As mentioned above, would it be safe to drive with a 14.6 foot long (90 lbs) canoe on top of my Toyota Corolla? The Canoe is just about as long as the car. I have a roof rack with crossbars, as well as all of the necessary tie down straps, but my concern is potential lift being caused while I am driving...

Is it safe to drive on the highway with this sort of setup?


If it is the length of your car, and you have tie down straps you should be able to do this perfectly safely. Ideally, get yourself canoe brackets to attach to your roof bars - these are curved to match your canoe and allow you to put more tension in the straps without damaging the canoe.

It is recommended (especially when you have one longer than your vehicle) that you also attach a strap at bow and stern if possible, as well as a warning flag or banner at each end. These straps will avoid excessive movement up and down, and the flag will help make others aware of the potential risk at head height (eg cyclists)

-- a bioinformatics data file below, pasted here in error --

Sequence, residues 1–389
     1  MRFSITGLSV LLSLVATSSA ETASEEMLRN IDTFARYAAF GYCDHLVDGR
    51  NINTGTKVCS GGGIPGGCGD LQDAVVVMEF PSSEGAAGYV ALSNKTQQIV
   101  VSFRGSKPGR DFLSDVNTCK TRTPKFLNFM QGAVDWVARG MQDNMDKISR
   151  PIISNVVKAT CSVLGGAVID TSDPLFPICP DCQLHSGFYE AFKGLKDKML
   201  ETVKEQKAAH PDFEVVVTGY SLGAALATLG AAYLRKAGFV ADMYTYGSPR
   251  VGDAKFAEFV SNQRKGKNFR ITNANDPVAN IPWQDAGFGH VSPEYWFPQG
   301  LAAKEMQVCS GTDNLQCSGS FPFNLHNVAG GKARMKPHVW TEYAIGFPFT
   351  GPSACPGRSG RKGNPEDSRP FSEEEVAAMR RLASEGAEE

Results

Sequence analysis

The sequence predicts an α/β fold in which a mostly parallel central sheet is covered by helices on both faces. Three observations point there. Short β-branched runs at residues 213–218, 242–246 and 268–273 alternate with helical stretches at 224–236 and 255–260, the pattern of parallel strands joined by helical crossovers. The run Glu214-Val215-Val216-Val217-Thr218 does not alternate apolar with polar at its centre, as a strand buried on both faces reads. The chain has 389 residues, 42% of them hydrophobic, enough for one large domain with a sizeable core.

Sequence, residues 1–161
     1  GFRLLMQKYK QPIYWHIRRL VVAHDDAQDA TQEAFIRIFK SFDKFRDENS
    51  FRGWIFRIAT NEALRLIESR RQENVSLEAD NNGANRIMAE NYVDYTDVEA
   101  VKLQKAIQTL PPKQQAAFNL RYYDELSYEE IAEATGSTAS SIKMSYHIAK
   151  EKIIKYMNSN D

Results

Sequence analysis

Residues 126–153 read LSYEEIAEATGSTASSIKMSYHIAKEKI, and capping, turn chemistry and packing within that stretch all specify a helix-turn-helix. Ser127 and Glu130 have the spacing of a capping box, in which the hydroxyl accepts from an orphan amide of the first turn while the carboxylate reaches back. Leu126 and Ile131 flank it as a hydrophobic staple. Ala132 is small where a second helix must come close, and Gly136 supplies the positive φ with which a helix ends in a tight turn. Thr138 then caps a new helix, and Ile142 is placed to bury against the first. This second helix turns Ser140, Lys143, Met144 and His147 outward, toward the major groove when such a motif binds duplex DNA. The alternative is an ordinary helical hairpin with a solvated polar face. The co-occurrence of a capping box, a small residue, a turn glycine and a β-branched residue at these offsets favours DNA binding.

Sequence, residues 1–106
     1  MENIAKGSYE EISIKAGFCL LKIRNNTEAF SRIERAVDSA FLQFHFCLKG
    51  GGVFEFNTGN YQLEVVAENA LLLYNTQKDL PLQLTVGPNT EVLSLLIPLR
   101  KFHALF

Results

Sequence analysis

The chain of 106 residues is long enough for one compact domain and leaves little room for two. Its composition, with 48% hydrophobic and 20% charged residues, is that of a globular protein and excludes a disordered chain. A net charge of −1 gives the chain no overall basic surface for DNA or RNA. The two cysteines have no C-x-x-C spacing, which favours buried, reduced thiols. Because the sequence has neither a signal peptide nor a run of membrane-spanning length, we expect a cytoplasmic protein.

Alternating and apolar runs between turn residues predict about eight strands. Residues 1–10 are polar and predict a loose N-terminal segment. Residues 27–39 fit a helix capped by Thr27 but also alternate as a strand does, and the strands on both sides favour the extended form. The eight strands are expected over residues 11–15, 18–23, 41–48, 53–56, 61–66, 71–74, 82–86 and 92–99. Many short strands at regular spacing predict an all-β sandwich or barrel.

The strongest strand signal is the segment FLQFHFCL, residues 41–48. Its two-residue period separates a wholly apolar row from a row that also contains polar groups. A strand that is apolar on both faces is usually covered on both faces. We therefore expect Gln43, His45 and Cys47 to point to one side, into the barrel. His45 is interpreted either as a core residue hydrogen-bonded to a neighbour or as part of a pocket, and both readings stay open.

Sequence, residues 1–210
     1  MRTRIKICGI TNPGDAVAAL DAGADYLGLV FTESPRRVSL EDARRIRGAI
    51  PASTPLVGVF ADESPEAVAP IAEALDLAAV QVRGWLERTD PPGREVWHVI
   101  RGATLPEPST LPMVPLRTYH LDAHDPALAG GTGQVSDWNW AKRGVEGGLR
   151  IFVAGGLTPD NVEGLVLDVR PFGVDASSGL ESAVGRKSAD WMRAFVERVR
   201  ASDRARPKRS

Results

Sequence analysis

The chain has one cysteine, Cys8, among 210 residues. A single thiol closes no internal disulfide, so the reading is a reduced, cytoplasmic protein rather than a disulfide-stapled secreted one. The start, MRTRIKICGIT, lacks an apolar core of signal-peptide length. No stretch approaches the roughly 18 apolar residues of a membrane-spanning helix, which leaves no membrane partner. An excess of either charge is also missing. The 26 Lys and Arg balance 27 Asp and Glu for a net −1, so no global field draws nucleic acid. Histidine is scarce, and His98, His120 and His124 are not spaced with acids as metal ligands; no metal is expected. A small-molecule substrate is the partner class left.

Some countries mandate flags at specific length of cargo overhang, others don't, so you should check your local regulations.

  • 1
    My canoe is 16 feet. It's longer than any vehicle I might transport it on. Bow and Stern ropes are key. Look under your Corolla and I predict (because until last month I owned a 2005 Corolla) you will find ---0 eyes welded right into the frame. They are for tying the car down while shipping it, but they are great for tying boats to later :-) – Kate Gregory Jun 21 '20 at 16:20

In addition to @RoryAlsop's answer I would add that you need to both tie it down to the roof rack and to the car at front and rear. The attachment to the car will help prevent wobble of the bow and stern of the canoe and help prevent it blowing the roof-rack off the car in (very) strong cross-winds - I have friends this has happened to, as unlikely as it seems.

In addition (as Rory alluded to) the bow/stern tie-downs help prevent wobble of the bow and stern while going over bumps in the road and the resultant stresses, which (I have heard - no proof) can result in micro-fractures in canoes made of fiberglass or similar materials - these materials are not common these days though.

Your Answer

By clicking “Post Your Answer”, you agree to our terms of service, privacy policy and cookie policy

Not the answer you're looking for? Browse other questions tagged or ask your own question.